Tracy also splits the poem by inserting dashes and long spaces, which initially confused me, but as I began to dissect and analyze the poem further, I came to the conclusion that she used these techniques to demonstrate that even if there is no content following the sporadic and abrupt dashes, the audience can still fill in the blanks, demonstrating how real the persecution of blacks was and is. Apart from the fact that we can fill that void with historical events, we can also fill it with current happenings in today’s society, demonstrating that the mistreatment of blacks and other minorities is still a widespread issue that affects them in practically every aspect of life. These dashes can also help us envision the frustration they felt each time they were silenced and had their petitions for equality put aside and disregarded. I believe the author intended to utilize the dashes to put the reader through some mental strain, which she succeeded in doing. This abrupt and perplexing manner of punctuation and writing made it difficult for us to read the poem, which serves as a way to symbolize the mental and emotional pressure that all of the slaves experienced when faced with the horrors and realities of slavery.
The persecution of Africans and other minorities is still a prevalent issue and really puts into perspective how long they’ve been contending with this, which is unfair. For decades now, blacks and other minorities have been disproportionately affected; therefore, we must take their side and support them. We must stand with the marginalized and powerless, protect human dignity where it’s been attacked, and serve the common good. The COVID-19 pandemic that has engulfed our world this year has coincided with other crises here in the United States, including but not limited to intensifying certain racial inequities in our society. The pressure caused by the killings of innocent people has also contributed to bringing increased scrutiny of ongoing issues such as police brutality, as demonstrated by the social unrest that has been taking place. For example, the killing of Elijah McClain goes to show our civil liberties can be attacked. His legal rights were being infringed. Unfortunately, many of those who were killed were stereotyped. The lives of these innocent people were taken away for ridiculous reasons. Sadly this sparked many unneeded and unnecessary moments. These officers were never given a legitimate reason or incentive to search or interrogate them, they violated the fourth amendment, but more importantly, they killed innocent people. I believe that it’s important to bring awareness to how stereotypes can prevent us from seeing the truth. They are assumptions and serve as a way to automatically categorize people into groups, which is terrible.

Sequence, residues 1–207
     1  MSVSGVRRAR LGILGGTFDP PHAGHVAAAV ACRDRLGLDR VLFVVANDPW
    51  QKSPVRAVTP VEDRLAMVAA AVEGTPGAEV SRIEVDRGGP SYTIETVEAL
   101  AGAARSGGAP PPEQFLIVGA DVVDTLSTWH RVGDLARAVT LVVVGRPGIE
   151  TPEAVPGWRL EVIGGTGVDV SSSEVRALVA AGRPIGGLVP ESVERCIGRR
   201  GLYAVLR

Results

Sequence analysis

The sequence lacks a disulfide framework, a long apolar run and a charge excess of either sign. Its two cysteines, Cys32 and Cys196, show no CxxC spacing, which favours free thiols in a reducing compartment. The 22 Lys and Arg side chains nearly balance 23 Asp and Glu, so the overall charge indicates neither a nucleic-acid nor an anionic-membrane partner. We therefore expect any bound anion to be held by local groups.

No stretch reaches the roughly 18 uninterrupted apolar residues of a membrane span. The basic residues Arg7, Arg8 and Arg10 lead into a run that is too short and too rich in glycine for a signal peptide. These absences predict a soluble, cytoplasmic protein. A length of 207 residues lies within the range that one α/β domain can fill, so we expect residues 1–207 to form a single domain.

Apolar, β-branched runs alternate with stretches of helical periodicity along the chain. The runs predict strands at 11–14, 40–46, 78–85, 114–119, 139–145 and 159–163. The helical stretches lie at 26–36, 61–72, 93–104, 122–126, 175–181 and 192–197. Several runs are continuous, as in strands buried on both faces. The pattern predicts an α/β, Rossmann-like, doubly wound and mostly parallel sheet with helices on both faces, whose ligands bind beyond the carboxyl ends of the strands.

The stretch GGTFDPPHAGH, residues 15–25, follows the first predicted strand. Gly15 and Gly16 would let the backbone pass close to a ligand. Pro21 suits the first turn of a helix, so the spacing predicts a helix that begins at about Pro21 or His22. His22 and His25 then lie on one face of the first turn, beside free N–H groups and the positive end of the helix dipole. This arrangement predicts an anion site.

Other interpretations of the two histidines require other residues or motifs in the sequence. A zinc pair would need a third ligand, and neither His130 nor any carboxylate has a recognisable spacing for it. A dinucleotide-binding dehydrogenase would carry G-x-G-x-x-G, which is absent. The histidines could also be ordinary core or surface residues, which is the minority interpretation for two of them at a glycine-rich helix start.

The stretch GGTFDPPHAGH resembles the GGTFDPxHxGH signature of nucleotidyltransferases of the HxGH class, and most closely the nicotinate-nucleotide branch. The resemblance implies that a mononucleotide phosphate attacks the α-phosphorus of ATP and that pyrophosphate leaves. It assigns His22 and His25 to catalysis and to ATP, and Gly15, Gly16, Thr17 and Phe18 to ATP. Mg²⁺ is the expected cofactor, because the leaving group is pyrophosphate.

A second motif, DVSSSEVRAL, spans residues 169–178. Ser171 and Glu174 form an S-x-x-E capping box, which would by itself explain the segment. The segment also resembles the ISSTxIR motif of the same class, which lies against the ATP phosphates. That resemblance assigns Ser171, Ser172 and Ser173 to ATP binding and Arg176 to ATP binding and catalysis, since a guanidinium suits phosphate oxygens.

As a community, we must learn to understand the inherited struggles of others. We must change social structures to prevent injustices from occurring. We must place ourselves in the shoes of those suffering to figure out the root of the problem, thus incentivizing us to fight for a comprehensive reform of our society. I truly believe that our denials of solidarity are the result of our privilege and ignorant nature.